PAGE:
News becomes plural

“The bones of our fractured Union are still there. In 2021, journalists either will need to learn to knit them back together — or will hasten both the country’s disarticulation and their own irrelevance.”

October marked the point of maximum saturation. “I’ve had enough news now, thank you,” wrote Alexandra Petri in The Washington Post. News avoidance was up, wrote Medill professor Stephanie Edgerly in The Hill, noting that even avid journalism consumers were now opting to detox for their own mental health. Not only were current events themselves painful and disorienting, but the modes of reporting themselves felt poisonous.

My solution: Step away from the stories and pundits endlessly grinding on about how divided we are, and get out and actually see other Americans.

Cody, Wyoming

My results were mixed. On one hand, as the photos I took along the way underscore, the public debate in America is vociferous and polarized. On the other hand, the country’s infrastructure is still intact. The national parks were open, with rangers gamely staffing outdoor gift shops. The interstate highways still runs coast to coast, crossing state borders smoothly despite the heated rhetoric about secession. For better or worse, the country is also bound together by its chain stores and gas stations and hotels, homogenizing experiences and challenges across blue and red.

Arches National Park, Utah

The bones of our fractured Union are still there. In 2021, journalists either will need to learn to knit them back together — or will hasten both the country’s disarticulation and their own irrelevance. We need a media that’s not just diverse, equitable, and inclusive, but that positively revels in pluralism — and one that spends as much time reporting on what still functions as it does on what’s broken.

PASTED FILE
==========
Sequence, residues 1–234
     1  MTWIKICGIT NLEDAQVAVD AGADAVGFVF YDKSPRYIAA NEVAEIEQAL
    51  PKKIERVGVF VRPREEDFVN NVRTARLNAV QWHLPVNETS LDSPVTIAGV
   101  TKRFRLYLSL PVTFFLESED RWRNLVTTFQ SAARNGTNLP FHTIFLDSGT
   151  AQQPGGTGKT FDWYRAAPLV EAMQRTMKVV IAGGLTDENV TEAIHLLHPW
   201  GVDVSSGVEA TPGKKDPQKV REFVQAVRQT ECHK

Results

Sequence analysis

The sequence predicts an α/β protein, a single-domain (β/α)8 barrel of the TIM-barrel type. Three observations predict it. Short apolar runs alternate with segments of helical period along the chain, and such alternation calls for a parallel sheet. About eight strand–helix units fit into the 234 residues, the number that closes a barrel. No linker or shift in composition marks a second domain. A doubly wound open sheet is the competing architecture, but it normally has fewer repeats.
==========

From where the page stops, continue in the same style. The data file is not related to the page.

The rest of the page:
Keystone, South Dakota

We know the old mass-media ways of creating false consensus no longer work: so-called trend stories based on a few shared Upper East Side observations, one-sided crime coverage focused only on certain neighborhoods, stories about women and culture cordoned off and dismissed as soft. Too many of us now have too much agency and voice to allow a narrow swath of reporters and opinionators to pretend to speak for us. This piece about generational and cultural skirmishes at The New York Times illustrates the dynamic nicely.

Arroyo Seco, New Mexico

Some of the more recent approaches to journalism are still premised on old mental models. What is a “newsroom” when we can no longer be in the same room? Perhaps it’s better to think of reporting as a distributed, networked product. With legacy outlets and their staffs increasingly decimated, is the concern that they wield too much power as gatekeepers still salient? Maybe it’s smart of “Leavers” to strike out independently. Do outlets led by members of historically excluded communities need to focus on “engagement”? Or perhaps that’s a frame more relevant to outlets led by those who still wield privilege.

Cisco, Utah

Honing fresh approaches to honoring difference — while affirming the systems and strengths Americans share — will take new people, processes, and power relations, as our team at Dot Connector Studio documented in July’s “Reconstructing American News” report for the Ford Foundation. It will also take the courage to step outside the many kneejerk binaries — red/blue, white/black, male/female, rural/urban — that deform and oversimplify our public discourse, without denying the real-world consequences of related prejudices.

Santa Fe, New Mexico